Reports & Papers

23 Items

Report - Intelligence Project

Report: Marking the CIA’s 75th Anniversary: Reflections on the Past, Visions of the Future

Since its creation in 1947, the Central Intelligence Agency (CIA) has been at the heart of supporting United States foreign policy and national security decision-making. From the early days of the Cold War to Russia’s war against Ukraine, the CIA has been a critical instrument of foreign intelligence collection, analysis, and operations. However, the CIA is often misunderstood, as its own work and history, particularly its successes, are rarely seen by the public. To help unpack this storied history, and in honor of the agency’s 75th anniversary, on September 16, 2022, former directors, officers, scholars, students, and the public gathered to discuss the past, present, and future of the agency. 

President Truman signs National Security Act Amendments

NARA

Report - Belfer Center for Science and International Affairs, Harvard Kennedy School

Imagining a New U.S. National Security Act for the 21st Century: Winning Essays

July 19, 2022

The Intelligence and Applied History Projects hosted a National Security Act Essay Contest in 2022 entitled: “Imagining a New National Security Act for the 21st Century.” The contest sought to generate new ideas for improving the intelligence and national security community in the US based on the dynamic security environment we face in the 21st century. The essay prompt offered a variety of hypothetical scenarios where intelligence failure contributed to catastrophic failure and posed the question: what you would change now to improve the intelligence and national security posture of the US?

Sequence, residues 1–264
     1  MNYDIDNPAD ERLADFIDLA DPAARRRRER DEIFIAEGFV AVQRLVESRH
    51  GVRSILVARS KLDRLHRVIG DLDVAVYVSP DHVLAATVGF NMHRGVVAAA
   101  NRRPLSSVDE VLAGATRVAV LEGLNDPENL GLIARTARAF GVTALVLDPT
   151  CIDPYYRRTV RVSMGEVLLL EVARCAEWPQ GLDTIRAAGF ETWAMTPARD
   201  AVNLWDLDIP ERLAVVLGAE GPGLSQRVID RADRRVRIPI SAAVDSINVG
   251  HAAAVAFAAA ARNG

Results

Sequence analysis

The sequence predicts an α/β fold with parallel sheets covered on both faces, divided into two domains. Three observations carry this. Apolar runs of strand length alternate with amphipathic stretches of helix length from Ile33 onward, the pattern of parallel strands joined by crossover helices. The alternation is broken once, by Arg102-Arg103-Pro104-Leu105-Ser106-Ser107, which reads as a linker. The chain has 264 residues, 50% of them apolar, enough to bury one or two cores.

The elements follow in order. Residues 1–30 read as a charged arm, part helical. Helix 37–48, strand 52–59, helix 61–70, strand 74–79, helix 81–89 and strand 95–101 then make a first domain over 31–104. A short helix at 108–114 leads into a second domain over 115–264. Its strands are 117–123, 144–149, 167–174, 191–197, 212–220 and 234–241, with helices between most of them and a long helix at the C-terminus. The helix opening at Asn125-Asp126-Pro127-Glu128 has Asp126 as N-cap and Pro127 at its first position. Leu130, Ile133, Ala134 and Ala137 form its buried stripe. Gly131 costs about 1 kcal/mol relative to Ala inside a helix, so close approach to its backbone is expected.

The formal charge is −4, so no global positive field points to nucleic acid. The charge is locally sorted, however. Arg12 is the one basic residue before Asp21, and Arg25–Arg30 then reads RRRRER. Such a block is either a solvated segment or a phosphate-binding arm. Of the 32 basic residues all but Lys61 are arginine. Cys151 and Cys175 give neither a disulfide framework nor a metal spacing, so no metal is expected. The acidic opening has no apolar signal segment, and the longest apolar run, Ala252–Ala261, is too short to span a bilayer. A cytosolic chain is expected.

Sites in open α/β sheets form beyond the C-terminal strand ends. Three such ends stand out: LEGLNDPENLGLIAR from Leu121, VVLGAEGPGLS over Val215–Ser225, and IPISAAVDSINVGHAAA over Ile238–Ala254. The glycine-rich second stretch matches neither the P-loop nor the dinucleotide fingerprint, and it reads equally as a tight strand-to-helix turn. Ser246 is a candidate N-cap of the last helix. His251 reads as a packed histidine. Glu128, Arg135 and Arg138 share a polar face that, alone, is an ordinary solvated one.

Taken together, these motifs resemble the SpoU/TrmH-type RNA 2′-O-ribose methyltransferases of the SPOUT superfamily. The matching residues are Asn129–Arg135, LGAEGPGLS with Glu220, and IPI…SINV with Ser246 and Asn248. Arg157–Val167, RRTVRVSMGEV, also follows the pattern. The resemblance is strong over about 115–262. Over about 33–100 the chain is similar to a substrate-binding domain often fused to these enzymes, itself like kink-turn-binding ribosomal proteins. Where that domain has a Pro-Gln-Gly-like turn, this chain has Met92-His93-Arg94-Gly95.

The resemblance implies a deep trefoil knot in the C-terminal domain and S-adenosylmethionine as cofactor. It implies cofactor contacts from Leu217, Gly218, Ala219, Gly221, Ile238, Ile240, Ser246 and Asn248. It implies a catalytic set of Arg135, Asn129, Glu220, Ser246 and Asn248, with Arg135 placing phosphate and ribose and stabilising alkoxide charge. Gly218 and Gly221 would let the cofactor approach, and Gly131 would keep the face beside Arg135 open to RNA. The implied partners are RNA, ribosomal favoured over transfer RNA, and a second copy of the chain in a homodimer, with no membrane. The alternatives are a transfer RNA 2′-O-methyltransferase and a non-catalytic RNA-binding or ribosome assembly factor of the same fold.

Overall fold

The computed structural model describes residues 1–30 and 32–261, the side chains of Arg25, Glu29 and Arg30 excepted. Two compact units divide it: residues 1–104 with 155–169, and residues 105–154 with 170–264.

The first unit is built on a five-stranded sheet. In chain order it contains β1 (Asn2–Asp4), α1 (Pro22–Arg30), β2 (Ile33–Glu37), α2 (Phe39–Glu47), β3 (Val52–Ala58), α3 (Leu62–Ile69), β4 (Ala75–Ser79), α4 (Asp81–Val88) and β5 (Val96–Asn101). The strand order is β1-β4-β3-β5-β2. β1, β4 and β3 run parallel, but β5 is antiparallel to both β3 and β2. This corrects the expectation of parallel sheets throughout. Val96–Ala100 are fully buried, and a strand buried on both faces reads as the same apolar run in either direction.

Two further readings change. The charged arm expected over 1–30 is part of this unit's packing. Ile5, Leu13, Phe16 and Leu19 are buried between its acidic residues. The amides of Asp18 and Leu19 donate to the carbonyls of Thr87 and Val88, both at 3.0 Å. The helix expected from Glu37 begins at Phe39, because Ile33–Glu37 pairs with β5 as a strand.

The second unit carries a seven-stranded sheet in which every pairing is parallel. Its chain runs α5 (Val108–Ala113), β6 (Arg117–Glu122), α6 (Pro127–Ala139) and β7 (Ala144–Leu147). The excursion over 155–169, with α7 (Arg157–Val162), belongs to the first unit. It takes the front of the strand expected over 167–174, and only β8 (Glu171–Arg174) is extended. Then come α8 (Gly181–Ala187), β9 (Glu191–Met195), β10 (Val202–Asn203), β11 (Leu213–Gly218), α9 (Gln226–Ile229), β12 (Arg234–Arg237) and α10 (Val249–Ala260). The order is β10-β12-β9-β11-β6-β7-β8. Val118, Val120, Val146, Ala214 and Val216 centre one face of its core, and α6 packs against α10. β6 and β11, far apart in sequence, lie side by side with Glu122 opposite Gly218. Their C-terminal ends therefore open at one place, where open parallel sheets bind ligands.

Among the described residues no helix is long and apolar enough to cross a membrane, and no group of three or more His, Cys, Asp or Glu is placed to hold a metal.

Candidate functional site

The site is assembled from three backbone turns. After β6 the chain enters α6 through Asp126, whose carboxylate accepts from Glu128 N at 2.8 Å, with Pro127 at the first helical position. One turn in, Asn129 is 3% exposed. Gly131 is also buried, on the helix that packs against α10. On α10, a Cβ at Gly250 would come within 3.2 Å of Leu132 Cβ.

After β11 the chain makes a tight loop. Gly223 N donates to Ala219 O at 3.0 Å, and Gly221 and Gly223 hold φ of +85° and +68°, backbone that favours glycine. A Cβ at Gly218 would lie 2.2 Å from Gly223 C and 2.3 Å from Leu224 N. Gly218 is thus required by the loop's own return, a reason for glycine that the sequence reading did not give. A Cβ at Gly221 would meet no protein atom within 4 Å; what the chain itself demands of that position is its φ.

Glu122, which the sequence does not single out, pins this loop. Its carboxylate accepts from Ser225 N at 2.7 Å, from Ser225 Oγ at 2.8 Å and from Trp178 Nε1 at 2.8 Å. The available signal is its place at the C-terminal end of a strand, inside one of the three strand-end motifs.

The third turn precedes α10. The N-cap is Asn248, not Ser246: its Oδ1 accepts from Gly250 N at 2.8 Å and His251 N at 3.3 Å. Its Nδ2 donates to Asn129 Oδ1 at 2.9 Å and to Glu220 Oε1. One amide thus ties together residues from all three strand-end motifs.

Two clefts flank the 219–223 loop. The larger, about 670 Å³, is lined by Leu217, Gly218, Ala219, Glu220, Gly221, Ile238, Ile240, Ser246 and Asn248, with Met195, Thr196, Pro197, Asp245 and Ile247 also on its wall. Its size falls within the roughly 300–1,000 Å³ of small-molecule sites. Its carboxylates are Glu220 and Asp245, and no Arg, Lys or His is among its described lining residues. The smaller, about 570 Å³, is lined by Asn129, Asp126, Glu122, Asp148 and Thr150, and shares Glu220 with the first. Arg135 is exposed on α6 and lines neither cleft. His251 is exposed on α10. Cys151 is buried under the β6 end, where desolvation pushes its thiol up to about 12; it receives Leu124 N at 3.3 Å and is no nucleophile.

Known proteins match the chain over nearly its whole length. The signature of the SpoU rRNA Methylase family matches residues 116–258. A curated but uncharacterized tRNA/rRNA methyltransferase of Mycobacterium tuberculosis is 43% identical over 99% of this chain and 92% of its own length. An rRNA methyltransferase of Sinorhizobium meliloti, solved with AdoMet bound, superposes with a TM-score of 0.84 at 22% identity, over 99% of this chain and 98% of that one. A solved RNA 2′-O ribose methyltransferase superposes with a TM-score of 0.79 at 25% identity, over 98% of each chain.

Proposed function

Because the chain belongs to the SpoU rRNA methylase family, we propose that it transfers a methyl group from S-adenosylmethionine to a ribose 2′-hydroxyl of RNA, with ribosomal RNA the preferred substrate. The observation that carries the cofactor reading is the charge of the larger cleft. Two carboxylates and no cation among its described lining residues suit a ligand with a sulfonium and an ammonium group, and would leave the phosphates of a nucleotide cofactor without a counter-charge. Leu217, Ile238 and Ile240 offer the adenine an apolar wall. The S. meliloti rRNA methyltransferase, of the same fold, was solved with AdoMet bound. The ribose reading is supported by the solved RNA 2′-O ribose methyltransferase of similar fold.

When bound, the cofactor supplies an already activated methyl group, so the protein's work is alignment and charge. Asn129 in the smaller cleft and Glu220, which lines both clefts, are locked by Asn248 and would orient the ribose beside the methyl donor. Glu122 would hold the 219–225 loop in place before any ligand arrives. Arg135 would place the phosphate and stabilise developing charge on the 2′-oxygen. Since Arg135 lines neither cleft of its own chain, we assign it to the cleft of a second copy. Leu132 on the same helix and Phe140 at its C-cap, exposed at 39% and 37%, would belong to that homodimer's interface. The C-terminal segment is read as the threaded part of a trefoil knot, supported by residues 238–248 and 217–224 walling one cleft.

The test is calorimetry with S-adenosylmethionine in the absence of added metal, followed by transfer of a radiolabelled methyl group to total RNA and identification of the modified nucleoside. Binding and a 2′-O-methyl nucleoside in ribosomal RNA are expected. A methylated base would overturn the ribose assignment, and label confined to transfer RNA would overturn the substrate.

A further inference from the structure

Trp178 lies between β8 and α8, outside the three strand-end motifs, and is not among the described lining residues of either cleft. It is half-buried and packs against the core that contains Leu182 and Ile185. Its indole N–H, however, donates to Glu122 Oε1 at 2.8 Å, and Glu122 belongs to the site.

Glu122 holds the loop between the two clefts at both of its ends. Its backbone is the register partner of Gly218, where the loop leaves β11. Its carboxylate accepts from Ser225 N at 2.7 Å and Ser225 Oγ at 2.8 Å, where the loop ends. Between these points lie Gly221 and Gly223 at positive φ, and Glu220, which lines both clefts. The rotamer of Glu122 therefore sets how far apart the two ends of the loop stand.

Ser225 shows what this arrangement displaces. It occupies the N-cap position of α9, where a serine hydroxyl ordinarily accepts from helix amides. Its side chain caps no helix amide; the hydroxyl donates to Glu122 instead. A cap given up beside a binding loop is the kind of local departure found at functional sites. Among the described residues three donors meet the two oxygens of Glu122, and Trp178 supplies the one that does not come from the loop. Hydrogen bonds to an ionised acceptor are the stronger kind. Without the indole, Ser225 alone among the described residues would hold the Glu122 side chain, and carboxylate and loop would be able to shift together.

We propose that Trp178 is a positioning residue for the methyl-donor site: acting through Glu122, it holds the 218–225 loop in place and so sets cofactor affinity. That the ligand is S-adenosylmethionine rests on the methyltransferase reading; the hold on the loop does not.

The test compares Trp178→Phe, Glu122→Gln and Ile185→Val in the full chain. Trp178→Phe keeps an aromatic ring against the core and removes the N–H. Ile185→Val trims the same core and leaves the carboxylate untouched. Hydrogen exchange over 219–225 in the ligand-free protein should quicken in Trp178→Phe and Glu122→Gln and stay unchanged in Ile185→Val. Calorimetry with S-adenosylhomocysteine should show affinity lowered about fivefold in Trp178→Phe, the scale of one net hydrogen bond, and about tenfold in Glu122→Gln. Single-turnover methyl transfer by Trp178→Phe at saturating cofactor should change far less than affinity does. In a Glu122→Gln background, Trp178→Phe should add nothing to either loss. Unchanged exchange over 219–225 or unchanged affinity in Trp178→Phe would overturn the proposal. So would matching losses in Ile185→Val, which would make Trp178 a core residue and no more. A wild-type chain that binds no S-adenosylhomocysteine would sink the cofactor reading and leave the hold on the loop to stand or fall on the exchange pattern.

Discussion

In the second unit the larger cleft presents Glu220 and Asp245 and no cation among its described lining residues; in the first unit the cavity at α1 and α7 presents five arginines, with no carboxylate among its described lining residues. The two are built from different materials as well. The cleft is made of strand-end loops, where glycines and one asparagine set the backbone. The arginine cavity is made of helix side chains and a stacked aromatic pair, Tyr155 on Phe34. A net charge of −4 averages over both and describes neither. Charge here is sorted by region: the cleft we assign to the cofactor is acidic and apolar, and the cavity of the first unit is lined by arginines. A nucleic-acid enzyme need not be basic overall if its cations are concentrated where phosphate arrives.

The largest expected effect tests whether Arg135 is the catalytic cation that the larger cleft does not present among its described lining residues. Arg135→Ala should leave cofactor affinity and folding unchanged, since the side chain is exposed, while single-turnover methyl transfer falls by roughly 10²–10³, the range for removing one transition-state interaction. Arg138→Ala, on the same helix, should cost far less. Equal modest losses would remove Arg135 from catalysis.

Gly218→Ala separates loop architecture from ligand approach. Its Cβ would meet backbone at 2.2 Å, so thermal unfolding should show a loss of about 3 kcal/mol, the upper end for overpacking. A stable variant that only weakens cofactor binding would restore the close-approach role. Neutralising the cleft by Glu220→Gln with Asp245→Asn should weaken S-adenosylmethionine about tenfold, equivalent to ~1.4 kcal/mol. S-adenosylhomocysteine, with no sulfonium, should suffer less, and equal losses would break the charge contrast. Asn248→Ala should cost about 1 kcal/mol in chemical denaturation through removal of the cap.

The winning essays, from a field of approximately 75 applicants, were authored by (1) Russell Travers, (2) Sophie Faaborg-Andersen, and (3) Marie Couture and Laurie LaPorte. The authors' winning essays appear in this report.

A large CIA seal to the right of an American flag on a flagpole topped with a gold eagle finial.

Carolyn Kaster/AP

Report - Belfer Center for Science and International Affairs, Harvard Kennedy School

The Past, Present, and Future of Diversity, Equity, and Inclusion in the American Intelligence Community

| Apr. 13, 2022

In more than seven decades of study after study, the U.S. Intelligence Community (IC) has identified a lack of diversity in the workforce as a problem. Beginning with a 1953 Central Intelligence Agency (CIA) report on women in the agency, tellingly titled “The Petticoat Panel,” organizations have documented a lack of presence and opportunity for women, minorities, and other groups including people with disabilities. Recommendations and actions were repeated over the years with marginal results. This paper reviews efforts of what has been done, what has succeeded, and what has failed as an important starting point for building a robust intelligence workforce for the latter half of the twenty-first century. It then offers recommendations for overcoming systemic challenges and fostering culture change to improve diversity across the community.

Electricians install solar panels.